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Banking Reform High Priority for New Chinese Leaders - 2003-03-10

China's banks are staggering under $400 billion in debts that are not likely to be repaid, a situation that threatens economic growth and the badly needed jobs that go with it. Reforming China's banks and other financial institutions is a top priority for the nation's new leaders who will be formally appointed during the current session of the National People's Congress.

Financial experts say the bad loan burden for China's four biggest banks is a huge 40 percent of the country's gross domestic product.

In percentage terms, the debt burden is about four times the level of Japan's banking crisis, which is blamed for stalling economic growth there for more than a decade.

China's leaders are eager to keep the economy growing to create new jobs and head off social instability that could be caused by angry unemployed workers. Tens of millions of workers have been left jobless by the collapse of inefficient state-owned companies.

Millions more impoverished farmers have left the land to seek jobs in the cities. The lack of jobs led to demonstrations by tens of thousands of people last year.

Andy Rothman is a financial analyst at investment bank CLSA in Shanghai. He says the unemployment situation will not improve until the four biggest state-owned banks, which dominate the financial system, stop lending money to doomed state-owned companies and start lending to healthy private businesses.

The government-owned banks generally will not lend to private companies. Most of their money is tied up in loans the government ordered them to make to state enterprises. And the banks are inexperienced at evaluating the soundness of private companies, so they avoid lending to them.

Private companies already create most of China's new jobs. They could employ even more people if they could get the loans they need to expand. "Chinese entrepreneurs who have been really struggling for a few years had to rely on what they've saved, borrowing money from friends and family and retained earnings. Well, that led to a lot of growth lately, but there is a limit to how much this thing can grow," says Mr. Rothman.

Reforming the banks and creating new jobs top the agenda for China's National People's Congress, now holding its annual two-week legislative session. The NPC has approved a new cabinet-level regulatory agency for the banks.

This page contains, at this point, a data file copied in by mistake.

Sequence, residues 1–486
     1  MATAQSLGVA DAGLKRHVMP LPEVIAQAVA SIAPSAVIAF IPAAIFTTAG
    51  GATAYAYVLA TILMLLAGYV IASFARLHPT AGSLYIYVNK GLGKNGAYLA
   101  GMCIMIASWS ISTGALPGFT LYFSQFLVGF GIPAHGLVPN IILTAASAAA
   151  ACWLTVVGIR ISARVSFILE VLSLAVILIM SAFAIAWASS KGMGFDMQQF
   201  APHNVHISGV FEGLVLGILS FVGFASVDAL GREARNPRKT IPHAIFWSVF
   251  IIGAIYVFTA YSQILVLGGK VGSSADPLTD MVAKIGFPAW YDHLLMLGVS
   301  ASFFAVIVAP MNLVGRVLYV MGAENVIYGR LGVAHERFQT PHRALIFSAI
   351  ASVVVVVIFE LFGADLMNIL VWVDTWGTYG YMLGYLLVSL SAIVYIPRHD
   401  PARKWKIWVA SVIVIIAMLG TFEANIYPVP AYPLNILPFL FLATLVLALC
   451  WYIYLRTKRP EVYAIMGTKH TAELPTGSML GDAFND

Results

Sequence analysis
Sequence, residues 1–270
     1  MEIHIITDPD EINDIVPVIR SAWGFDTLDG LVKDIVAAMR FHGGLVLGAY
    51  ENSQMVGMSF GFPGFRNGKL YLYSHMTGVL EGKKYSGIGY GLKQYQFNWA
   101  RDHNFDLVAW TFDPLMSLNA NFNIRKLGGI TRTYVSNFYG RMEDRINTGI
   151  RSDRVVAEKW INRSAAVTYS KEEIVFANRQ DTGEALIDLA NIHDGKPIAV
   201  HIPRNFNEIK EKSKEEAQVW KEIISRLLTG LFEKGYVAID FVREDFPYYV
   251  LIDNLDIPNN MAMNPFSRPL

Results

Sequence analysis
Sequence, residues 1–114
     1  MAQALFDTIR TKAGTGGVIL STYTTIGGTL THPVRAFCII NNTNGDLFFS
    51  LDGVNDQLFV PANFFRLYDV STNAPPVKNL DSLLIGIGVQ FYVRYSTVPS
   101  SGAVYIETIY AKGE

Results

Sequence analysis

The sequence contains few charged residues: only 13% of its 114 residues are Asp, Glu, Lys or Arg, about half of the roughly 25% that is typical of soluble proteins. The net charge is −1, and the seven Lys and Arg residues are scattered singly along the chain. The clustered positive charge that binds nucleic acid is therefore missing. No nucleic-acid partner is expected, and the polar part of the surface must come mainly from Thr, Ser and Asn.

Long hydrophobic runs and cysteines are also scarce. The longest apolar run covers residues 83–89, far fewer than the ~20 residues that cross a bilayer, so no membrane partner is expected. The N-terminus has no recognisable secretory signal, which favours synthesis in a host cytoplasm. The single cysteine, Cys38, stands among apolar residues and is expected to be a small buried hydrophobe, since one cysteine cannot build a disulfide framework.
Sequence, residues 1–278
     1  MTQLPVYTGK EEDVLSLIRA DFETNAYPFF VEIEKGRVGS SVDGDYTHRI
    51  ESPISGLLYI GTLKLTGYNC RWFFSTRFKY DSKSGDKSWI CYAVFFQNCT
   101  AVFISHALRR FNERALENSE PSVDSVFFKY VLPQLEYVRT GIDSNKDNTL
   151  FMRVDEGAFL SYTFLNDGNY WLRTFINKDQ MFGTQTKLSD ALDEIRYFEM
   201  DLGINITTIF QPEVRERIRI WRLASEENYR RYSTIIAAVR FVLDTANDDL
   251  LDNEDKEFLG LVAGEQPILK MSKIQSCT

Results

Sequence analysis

Other recent reforms mean China's banks now are supposed to lend based on a company's ability to repay the loan, instead lending to those with good political connections.

But Nicholas Lardy of the Institute for International Economics in Washington says the government-owned banks still follow official orders to lend money to failing state companies. "The banks have still been in the situation where they had to continue to make policy loans of significant amounts," he says. "And some of those loans have either gone bad or will become non-performing in the next few years."

Mr. Lardy says even after banks reform their lending practices, they will still need government help to become part of the efficient financial system that China needs to prosper.

He says banks must be allowed to charge different interest rates for loans, with low rates for borrowers judged likely to repay and higher ones for riskier clients.

And he says the banks need more government help to shed their bad loans. Beijing has already put about $200 billion into a program to restructure the bad debts, but Mr. Lardy says the effort was too small.

The plan allows asset management companies to buy the debts at a deep discount and then try to collect them. This means the banks recover at least a portion of what they are owed. Companies that cannot pay back their loans are put out of business and their assets are sold to satisfy some of their debts. Other companies that seem potentially profitable are reorganized, streamlined, and put back to work.

In Beijing, financial analyst He Jun of the Anbound Group says it is politically difficult to cut off loans to failing state-owned companies with thousands of workers. But he says China's probable next prime minister, Wen Jiabao, seems to have the political will and the clout to make reforms work.

Mr. He and most other financial experts say China's leaders have bet the country's future on the private sector, and realize it will not work without an efficient banking system.